Tri-State Laws Among Most Restrictive on Getting AR-15s, Other Assault Rifles

The rapid fire of a Sig Sauer MCX echoed through an Orlando nightclub on Sunday morning in an attack that left 50 people dead, including the shooter.

The MCX and similar variants like the AR-15, which law enforcement initially said was the weapon used in the nightclub massacre, are easily obtained in many U.S. states, but New York, New Jersey and Connecticut are among the most restrictive when it comes to buying and owning what has been described as "America’s gun."

The AR-15 rifle is a semi-automatic weapon, meaning it fires one round each time the trigger is pulled. It's essentially the civilian version of the well-known M-16, a fully automatic rifle used by U.S. soldiers for the last few decades, and it became a popular purchase after a federal assault weapons ban that was enacted in 1994 expired in 2004. 

But in the tri-state, getting one of the weapons -- or any other so-called assault weapon, for that matter -- isn't as easy as it is in other states. 

Following the shooting at Sandy Hook Elementary School in December 2012, Connecticut and New York passed laws to restrict access to semi-automatic "assault weapons."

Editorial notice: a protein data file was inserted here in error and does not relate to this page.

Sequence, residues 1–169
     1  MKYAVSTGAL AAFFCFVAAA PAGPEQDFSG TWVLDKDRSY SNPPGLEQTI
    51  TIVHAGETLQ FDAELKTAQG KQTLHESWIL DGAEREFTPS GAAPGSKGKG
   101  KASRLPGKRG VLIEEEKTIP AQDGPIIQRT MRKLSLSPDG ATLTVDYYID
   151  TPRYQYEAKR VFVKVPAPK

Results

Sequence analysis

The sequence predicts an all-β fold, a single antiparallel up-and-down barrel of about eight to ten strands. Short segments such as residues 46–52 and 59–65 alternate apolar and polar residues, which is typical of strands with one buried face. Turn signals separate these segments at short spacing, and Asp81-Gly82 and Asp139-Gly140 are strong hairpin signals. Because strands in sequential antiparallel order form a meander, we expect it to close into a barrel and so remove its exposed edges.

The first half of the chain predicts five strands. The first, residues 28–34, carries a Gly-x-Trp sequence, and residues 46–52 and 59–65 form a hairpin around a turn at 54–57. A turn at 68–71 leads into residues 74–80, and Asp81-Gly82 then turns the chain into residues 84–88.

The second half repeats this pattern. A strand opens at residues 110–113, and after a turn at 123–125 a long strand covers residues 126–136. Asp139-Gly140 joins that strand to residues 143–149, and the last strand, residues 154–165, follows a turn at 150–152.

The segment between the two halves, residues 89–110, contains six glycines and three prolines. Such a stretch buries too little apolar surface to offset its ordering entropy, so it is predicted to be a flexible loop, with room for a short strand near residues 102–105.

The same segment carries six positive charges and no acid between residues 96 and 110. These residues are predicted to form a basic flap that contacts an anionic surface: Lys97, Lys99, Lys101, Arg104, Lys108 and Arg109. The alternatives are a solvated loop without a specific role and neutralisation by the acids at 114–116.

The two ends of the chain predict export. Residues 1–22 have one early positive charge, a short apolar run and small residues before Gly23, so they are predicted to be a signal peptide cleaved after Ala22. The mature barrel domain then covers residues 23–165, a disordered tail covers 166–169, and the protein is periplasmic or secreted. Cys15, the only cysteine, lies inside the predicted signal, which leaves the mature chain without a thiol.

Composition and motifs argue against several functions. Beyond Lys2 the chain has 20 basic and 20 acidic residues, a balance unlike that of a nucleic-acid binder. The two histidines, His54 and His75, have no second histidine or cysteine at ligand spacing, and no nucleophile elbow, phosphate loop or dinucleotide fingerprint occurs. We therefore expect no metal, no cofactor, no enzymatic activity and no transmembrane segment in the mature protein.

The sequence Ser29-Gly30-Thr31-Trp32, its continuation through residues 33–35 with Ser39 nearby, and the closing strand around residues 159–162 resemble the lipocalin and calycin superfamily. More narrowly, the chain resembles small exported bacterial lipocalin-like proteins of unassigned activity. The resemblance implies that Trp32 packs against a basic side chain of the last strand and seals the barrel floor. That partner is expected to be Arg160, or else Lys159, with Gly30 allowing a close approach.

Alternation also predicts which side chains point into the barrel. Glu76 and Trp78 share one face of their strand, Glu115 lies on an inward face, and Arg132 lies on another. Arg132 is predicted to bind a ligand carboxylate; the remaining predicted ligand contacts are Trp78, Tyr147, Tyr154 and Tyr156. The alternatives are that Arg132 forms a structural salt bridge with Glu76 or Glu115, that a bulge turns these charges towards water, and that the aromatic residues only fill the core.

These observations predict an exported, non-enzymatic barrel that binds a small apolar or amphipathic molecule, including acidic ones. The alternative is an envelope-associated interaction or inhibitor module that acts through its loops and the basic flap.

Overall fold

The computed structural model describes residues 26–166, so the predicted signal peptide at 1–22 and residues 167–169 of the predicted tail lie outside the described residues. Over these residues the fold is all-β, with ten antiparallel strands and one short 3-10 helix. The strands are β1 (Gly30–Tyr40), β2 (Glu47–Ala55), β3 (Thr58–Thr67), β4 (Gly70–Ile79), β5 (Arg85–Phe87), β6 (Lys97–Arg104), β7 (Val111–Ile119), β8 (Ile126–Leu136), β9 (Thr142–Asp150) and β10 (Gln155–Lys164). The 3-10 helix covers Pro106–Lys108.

Connecticut Gov. Dannel Malloy signed a wide-ranging gun bill into law on April 4, 2013, months after the shooting in Newtown. The barred anyone from buying new assault weapons, naming dozens of models including the AR-15 in the ban.

The ban gave the state -- which is home to several gunmakers including Colt, which is based in Hartford and first manufactured the AR-15 -- some of the strictest gun laws in the country. 

New York, meanwhile, passed the SAFE Act, which posed strict provisions for gun owners and defined assault weapons by characteristics. But some critics told the I-Team in 2014 that the provision defining assault weapons is ineffective because it allows gunmakers to produce legal variants similar to those banned under the law.